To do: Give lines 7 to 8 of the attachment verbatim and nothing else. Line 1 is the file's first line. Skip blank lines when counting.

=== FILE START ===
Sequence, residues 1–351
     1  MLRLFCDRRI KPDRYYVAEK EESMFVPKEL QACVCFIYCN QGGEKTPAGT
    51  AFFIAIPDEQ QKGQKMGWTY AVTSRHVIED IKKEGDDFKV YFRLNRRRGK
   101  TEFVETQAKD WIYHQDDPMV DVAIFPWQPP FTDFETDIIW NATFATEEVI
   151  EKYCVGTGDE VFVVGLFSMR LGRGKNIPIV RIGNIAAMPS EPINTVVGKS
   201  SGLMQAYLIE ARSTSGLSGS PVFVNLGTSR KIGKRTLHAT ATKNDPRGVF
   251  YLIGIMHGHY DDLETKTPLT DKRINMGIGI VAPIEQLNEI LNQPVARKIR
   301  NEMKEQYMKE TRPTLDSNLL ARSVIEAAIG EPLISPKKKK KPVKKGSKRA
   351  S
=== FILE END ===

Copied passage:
   251  YLIGIMHGHY DDLETKTPLT DKRINMGIGI VAPIEQLNEI LNQPVARKIR
   301  NEMKEQYMKE TRPTLDSNLL ARSVIEAAIG EPLISPKKKK KPVKKGSKRA